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  1. #1
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    Default What is being fed to new virgins?

    I hatch many queen cells out in the incubator and direct release them within a few hours. Immediately there will be a worker feeding her. Anyone know what is being fed? Royal jelly? Just nectar?

    Upon observation of a cell hatching naturally on a frame, the virgin will almost immediately go to a cell and feed herself.

    I wondered if this first meals content is vitally important to the virgins continued development. I see the incubator hatched virgin go back into the cell for any scraps of royal jelly to eat after hatching. I remove the cell as soon as possible so she won't get trapped, but it is obvious she is after a meal.

    My thoughts are, as with mammals, they need their colostrum soon after birth. Could royal jelly as a first meal be similar in nutrition and immunity?

    There are times when a cell will hatch late at night or over night and it may be 12 hours before they are released. If I see them hatch and can't place them, I give them a tiny chunk of comb with open nectar. Small enough she won't get it all over her and get sticky or damage her wings. I just wonder if that is good enough.
    I will have to keep track of those virgins that were not fed naturally soon after hatching and see if they are not as good as those that were.

    There is a lot of info about the importance of royal jelly during larval stage. I've not seen anything that mentions recently hatched queens nutritional needs

    Thanks for your input if you know anything about this.
    Lauri
    Last edited by Lauri; 07-19-2012 at 04:15 PM.

  2. #2
    Join Date
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    Bon Aqua, Tn USA
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    Default Re: What is being fed to new virgins?

    Royal jelly, the queen only gets feed royal jelly for her whole life. As I understand it, workers deposit royal jelly in every cell for two days and then after only the queen cells. You can run a search and find articles with more info.

  3. #3
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    Default Re: What is being fed to new virgins?

    I too have wondered if a virgin queen's first meal has any long-term significance. I've seen that newly emerged queens, that have no immediate access to nurse bees, almost always quickly search out and feed from open cells of nectar. And when nurse bees are there, those newly emerged virgin queens, are usually fed, by the nurse bees, frequently - in those cases they usually don't feed from cells of nectar.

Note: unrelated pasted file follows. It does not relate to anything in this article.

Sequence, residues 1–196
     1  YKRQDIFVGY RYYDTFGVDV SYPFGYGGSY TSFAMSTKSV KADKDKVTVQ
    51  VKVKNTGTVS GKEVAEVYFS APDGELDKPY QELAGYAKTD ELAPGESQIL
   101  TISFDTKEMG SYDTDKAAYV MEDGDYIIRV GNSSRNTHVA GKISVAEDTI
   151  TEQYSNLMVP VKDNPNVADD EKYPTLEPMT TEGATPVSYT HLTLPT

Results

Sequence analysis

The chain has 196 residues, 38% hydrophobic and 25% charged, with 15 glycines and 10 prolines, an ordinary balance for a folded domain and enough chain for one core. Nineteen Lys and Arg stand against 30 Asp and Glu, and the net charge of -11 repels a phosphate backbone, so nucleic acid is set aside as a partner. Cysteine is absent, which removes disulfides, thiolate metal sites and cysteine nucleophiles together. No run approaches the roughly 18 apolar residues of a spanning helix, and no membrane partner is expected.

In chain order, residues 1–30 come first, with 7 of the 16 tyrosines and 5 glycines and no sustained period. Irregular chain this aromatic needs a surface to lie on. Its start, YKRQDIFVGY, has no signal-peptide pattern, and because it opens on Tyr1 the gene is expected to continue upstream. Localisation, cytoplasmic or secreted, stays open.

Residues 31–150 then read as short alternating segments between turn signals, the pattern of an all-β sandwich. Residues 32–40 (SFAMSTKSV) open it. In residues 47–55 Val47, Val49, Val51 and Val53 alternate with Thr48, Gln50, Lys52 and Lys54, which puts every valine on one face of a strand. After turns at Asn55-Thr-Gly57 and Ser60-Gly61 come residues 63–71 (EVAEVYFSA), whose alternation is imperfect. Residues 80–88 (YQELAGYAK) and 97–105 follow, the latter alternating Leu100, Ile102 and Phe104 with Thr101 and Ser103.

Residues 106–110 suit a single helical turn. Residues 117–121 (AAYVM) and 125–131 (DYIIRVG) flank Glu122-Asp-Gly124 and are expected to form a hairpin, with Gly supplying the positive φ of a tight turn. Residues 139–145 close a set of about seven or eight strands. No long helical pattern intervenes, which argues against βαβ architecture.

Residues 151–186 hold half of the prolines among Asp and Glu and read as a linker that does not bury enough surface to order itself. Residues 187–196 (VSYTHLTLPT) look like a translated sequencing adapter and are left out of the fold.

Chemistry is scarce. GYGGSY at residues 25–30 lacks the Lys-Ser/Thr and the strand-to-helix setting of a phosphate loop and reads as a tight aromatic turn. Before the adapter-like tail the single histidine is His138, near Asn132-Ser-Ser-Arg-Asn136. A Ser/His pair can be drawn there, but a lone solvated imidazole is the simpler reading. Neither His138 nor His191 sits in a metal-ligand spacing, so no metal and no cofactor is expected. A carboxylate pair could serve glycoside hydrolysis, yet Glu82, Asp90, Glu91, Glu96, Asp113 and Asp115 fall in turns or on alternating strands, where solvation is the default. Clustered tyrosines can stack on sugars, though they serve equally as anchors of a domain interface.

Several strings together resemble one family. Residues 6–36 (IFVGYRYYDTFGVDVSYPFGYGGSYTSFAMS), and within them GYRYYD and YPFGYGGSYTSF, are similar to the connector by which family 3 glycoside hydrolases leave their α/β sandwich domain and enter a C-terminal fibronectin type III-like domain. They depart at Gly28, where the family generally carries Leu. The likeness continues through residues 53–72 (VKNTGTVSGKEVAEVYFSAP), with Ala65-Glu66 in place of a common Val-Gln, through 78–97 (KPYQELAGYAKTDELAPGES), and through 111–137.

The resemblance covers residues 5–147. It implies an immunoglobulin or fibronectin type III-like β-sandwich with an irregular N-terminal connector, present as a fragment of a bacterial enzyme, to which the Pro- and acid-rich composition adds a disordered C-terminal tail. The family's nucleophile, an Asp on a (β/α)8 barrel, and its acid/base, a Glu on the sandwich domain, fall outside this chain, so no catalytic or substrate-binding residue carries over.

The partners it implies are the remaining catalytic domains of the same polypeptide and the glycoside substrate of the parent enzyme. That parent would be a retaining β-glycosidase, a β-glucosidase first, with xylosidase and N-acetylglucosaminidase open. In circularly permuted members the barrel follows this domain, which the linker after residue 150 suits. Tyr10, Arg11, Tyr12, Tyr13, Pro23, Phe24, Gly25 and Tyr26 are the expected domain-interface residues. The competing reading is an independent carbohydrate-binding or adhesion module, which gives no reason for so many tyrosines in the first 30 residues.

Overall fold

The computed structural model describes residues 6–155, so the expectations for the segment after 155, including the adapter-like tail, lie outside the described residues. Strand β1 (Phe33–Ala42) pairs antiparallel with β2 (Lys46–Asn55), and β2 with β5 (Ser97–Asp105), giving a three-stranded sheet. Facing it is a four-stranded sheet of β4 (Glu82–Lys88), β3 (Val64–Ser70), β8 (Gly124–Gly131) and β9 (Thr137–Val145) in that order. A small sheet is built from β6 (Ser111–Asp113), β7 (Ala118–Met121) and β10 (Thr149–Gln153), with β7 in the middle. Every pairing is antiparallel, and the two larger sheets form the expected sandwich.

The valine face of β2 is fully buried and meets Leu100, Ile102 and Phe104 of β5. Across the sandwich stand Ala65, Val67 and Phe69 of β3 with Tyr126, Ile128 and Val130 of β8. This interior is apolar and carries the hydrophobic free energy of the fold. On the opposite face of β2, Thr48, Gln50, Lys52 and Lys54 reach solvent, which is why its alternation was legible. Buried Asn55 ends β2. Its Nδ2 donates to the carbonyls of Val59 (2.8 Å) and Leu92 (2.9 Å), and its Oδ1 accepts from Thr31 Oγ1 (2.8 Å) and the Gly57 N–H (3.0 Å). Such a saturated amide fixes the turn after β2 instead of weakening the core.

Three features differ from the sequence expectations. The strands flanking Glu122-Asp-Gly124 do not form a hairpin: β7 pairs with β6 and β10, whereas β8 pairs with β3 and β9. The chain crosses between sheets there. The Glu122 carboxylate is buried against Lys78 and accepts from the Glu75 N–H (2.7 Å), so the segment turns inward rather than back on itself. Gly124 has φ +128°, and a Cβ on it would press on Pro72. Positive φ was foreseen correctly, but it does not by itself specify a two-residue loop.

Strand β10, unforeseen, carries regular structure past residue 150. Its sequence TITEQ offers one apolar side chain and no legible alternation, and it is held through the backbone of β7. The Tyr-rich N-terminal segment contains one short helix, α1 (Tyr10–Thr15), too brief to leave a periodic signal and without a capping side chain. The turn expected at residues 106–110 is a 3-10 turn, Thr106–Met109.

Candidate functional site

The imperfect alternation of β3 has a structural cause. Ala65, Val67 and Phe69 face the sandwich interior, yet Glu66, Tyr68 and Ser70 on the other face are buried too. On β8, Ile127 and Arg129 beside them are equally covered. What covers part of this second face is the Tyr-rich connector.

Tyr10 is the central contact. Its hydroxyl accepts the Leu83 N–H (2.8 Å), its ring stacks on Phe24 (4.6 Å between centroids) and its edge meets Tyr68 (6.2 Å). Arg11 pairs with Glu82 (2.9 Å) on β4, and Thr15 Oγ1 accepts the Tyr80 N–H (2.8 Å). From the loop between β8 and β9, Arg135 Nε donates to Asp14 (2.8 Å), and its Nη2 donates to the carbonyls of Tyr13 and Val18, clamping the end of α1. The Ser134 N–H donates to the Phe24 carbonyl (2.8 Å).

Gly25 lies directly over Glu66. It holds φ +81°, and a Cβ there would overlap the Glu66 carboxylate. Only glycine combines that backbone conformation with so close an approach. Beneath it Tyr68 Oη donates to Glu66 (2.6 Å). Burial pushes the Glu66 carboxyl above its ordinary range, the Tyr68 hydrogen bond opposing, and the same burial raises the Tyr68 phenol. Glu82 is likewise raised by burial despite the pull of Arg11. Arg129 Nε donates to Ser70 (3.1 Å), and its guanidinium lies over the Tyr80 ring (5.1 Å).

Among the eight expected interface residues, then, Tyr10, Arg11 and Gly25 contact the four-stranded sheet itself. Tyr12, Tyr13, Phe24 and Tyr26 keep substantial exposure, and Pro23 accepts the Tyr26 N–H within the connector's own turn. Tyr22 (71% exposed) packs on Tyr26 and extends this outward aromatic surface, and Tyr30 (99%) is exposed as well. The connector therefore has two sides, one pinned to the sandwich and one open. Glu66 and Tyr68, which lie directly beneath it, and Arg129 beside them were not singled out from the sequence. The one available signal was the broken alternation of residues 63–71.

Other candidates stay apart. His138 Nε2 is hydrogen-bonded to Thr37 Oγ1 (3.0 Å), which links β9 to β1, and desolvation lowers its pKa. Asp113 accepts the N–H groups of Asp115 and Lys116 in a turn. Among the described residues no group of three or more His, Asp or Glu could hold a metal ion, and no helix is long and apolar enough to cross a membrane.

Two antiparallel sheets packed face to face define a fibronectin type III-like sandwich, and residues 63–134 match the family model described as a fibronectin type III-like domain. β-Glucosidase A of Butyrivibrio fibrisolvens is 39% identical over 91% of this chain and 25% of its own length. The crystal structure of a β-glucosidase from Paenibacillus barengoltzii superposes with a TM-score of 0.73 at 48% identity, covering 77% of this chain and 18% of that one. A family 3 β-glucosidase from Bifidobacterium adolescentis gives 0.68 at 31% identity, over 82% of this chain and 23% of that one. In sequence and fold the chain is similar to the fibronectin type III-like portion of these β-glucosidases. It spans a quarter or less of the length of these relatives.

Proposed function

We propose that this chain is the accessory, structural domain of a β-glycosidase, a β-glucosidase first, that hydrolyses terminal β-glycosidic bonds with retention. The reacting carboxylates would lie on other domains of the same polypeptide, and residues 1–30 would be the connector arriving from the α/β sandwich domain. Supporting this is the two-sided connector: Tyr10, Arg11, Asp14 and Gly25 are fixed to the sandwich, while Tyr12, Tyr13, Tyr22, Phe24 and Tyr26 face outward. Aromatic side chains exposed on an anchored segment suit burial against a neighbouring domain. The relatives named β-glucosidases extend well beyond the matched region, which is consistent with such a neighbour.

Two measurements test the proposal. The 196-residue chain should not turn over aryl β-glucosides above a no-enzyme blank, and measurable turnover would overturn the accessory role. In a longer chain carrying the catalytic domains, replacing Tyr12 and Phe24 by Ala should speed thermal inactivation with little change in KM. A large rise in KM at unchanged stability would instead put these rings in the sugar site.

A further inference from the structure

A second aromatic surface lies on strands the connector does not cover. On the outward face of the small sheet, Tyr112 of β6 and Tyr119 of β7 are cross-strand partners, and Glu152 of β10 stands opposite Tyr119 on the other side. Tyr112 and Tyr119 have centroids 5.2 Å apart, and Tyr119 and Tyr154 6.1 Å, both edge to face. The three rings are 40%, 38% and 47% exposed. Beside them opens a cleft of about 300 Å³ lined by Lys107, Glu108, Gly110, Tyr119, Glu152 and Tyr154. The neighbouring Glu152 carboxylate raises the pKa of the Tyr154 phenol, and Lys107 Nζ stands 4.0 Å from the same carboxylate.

48 years - 50 hives - TF
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  4. #4
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    Default Re: What is being fed to new virgins?

    Thanks guys, a good reason to find just the right frame to turn her loose on, not just let her go on the top of any old frame.

    Also if the cell hatches out in a mating nuc that has been queeenless for a while and just contains older bees, perhaps the quality of the hatched queen will not be as good as those in nucs filled with younger bees. (A situation that occurs when the last queen failed to hatch or return to the nuc from mating flights and the nuc has not been 'freshened' in a while )

  5. #5
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    Default Re: What is being fed to new virgins?

    Royal jelly? Hmmm, I don't think so. Can anyone sight an authority on this? I would expect that virgin queens get fed the same thing other newly hatched bees get fed, which I assumed (meaning it coulkd be wrong) woulkd be honey or nectar, the energy food, the carbohydrate equivalent.

    I wonder where I woukld look that up?
    Mark Berninghausen "That which works, persists."

  6. #6
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    Default Re: What is being fed to new virgins?

    It's probably water... after pupating most insects are typically in need of hydration and usually need to evacuate waste that was built up.

  7. #7
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    Default Re: What is being fed to new virgins?

    Now that makes sense to me. Maybe I will ask Larry Conner.